Steve Gumble’s friend would not shut up about this awesome microbrewery he’d found on his last trip to Fort Collins, Colorado. “He either went to Fort Collins to mountain bike or hear Phish play,” says Gumble. He can’t quite remember which, but those are his buddy’s two favorite activities. What Gumble couldn’t forget was the way his friend raved about the brewery, which was making an amazing brew called Fat Tire.
It was the very early 1990s, and craft beer was something most folks hadn’t yet heard of. Gumble, the owner of Telluride Liquor, also in Colorado, was always looking for new things to stock. So he drove up to Fort Collins and begged New Belgium Brewing founder Jeff Lebesch to let him bring a trunkful home.
Lebesch declined at first. He was barely able to keep up with demand in Fort Collins. But Gumble was persistent, and Lebesch let four cases go home with him to Telluride that afternoon. What would follow was a year or so of Gumble striking deals with dirtbags making the trek from Telluride to Fort Collins and back. If you bring me beer, I’ll help pay for your gas, he promised. Always in need of gas money, bikers, hikers, skiers, and climbers were happy to oblige.
Outdoor enthusiasts tend to be sensation seekers. Craft beer, with its bitter IPAs and rich stouts, offers much more sensation per sip than macro beer. And bringing beer to friends who have never heard of it is almost as great as taking them to a secret swath of singletrack. Like Johnny Appleseed, but with hops and malt, dirtbags spread the gospel of handcrafted beer far and wide, helping spur the growth of the industry from a languid walk to a full-on gallop.
“Most craft brewers are small, and the majority don’t have money for mass-media advertising,” says Julia Herz, craft-beer program director at the Brewers Association. “Word of mouth is truly the way most craft brewers get the message out.” Way back in the nineties, before Instagram existed, bikers, hikers, and climbers traveling around the country were the original influencers who fueled the microbrew revolution.
Gary Fish knew as far back as 1988, when he founded Deschutes Brewery in Bend, Oregon, that the folks coming to ski were going to be important to his brewpub’s success. To grow his business, his first marketing move was to try and get his beer served at the three nearby resorts. “We simply wanted to be at Mount Bachelor, so hopefully people would try our beer on the mountain and stop by our pub on the way out of town,” he remembers. That happened. And those folks usually took some home. “Our first growlers were 40-ounce, missile-shaped former malt-liquor bottles, with crack and peel labels where we wrote with a Sharpie what was in the bottle. They didn’t hold pressure very well, but we sold a lot of them,” Fish remembers.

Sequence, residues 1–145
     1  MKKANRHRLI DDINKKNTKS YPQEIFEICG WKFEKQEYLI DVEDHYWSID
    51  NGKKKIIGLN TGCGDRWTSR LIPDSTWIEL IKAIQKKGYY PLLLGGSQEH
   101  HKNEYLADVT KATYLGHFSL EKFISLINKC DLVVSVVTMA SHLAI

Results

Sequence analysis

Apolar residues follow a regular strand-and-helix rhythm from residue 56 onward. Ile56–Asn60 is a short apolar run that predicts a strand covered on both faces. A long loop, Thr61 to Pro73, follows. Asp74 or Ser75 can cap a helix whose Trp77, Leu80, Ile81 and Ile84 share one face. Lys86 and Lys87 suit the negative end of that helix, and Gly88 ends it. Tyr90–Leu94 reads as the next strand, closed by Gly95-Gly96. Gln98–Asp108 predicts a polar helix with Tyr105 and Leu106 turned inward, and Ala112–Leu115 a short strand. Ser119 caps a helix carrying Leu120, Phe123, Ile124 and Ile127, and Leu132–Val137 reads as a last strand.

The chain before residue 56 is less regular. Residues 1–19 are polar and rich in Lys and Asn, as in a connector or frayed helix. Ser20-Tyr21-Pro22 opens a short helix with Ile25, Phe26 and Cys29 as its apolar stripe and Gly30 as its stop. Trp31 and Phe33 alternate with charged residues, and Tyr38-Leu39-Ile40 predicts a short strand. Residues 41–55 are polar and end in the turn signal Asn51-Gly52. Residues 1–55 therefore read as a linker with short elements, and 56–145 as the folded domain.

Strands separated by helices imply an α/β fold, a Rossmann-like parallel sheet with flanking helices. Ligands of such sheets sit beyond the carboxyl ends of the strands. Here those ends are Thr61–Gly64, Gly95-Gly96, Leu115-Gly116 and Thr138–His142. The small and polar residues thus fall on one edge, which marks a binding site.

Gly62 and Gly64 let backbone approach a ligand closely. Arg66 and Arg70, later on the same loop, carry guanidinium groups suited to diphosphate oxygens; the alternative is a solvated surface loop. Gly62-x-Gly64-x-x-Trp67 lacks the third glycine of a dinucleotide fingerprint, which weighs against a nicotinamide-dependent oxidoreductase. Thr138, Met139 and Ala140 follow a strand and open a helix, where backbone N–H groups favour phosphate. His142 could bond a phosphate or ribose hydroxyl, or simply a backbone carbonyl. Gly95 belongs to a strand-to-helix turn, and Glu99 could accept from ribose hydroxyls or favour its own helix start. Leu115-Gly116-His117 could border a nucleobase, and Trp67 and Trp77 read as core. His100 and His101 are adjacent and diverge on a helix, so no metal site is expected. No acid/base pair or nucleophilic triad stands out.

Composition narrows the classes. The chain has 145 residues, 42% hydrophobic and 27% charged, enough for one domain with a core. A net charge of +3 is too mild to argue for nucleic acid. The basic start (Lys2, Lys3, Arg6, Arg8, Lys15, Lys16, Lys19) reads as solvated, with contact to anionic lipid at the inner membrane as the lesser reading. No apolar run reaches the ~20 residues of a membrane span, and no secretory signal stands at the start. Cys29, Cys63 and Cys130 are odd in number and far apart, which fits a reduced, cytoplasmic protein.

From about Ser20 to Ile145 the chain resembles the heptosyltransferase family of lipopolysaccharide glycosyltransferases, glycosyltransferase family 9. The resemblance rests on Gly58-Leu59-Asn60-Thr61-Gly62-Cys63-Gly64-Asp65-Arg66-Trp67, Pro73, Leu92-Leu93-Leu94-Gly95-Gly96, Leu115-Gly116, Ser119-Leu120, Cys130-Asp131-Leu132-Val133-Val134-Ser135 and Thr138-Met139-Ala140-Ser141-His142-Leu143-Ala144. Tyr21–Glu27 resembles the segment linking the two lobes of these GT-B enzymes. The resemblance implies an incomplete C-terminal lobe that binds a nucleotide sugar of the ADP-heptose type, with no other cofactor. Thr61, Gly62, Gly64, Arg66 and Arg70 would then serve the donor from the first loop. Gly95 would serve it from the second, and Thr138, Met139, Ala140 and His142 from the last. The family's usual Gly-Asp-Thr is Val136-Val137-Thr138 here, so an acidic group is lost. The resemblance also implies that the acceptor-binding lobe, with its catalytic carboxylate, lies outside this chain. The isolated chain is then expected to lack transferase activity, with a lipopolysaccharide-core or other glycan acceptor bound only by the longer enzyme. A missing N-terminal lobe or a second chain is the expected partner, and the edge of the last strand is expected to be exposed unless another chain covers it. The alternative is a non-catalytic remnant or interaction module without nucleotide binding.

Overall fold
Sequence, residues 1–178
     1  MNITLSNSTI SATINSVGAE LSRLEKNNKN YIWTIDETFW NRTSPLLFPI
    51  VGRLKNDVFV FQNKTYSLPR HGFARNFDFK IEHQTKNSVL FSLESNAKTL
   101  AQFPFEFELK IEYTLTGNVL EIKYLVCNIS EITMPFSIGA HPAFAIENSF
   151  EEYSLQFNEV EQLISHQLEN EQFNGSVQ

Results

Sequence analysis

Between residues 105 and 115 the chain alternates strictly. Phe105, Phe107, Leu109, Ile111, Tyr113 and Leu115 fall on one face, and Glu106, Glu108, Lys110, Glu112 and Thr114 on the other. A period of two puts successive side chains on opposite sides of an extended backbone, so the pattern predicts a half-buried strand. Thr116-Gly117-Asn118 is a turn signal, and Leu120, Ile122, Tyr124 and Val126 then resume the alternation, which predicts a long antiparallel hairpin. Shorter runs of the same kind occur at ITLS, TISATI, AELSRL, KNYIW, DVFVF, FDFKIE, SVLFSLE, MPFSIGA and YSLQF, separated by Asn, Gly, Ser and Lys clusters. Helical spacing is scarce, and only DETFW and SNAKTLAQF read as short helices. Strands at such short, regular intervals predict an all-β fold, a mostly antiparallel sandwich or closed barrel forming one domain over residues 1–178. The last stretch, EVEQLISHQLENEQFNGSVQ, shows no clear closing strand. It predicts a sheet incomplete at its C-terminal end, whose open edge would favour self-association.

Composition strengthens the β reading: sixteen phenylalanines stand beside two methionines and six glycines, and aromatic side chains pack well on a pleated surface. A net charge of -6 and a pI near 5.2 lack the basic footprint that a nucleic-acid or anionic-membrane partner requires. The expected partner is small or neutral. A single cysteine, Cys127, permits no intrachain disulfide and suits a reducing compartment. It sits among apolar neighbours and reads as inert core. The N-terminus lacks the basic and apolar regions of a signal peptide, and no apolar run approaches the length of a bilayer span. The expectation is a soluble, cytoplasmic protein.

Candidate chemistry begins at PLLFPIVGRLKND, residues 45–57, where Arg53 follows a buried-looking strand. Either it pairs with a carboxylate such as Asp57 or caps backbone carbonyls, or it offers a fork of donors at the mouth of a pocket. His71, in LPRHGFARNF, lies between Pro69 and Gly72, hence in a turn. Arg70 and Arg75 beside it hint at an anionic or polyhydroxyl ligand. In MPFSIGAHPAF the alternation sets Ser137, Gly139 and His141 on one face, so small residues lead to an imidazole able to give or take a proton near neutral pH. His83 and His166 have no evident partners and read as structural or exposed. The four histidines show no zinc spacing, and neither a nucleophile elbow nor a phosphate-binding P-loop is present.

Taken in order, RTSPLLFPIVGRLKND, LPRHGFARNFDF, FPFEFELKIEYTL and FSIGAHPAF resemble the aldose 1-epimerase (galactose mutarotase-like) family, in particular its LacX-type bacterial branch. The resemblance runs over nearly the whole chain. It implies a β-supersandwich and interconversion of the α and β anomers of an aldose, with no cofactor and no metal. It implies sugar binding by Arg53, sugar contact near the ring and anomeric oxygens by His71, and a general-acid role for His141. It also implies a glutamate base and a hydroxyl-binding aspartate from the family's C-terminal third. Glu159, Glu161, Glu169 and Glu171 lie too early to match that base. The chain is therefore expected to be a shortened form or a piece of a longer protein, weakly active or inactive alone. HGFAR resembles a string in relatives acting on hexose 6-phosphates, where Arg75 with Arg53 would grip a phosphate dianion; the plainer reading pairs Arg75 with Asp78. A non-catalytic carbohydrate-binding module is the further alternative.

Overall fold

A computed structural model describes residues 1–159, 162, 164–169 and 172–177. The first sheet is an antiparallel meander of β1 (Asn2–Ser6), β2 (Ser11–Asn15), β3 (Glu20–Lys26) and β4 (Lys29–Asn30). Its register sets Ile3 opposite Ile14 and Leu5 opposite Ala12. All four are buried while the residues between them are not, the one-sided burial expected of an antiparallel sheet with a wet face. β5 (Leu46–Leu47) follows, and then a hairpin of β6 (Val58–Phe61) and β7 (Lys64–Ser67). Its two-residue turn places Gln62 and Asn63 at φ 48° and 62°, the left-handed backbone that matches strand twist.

Between 1995 and 2005, the number of brewpubs and microbreweries nearly doubled in the United States, from just 770 to 1,345. A 2015 study in the journal Wine Economics shows that growth started in California and Colorado, then moved into the Pacific Northwest, the Northeast, and finally all 50 states. Liquor laws and distribution opportunities played into how and where craft brew spread, but it’s hard to ignore that good beer and adventure seem to happen in the same places.
“Word of mouth is truly the way most craft brewers get the message out,” says the Brewers Association’s Julia Herz, and way back in the nineties, before Instagram existed, bikers, hikers, and climbers traveling around the country were the original influencers.
Herz also helped spread the message long before her current role with the Brewers Association. In 1993, she quit her job at CNN’s Washington, D.C., bureau to take a cross-country road trip. She and a friend lived off $15 a day, camping in national forests and parks.
At each stop, they’d find out if there was a microbrewery nearby, so they could get intel from other travelers in the taprooms. “Going to the microbreweries always got us to the best and safest places,” she says. They’d swap tips on other breweries to try, too.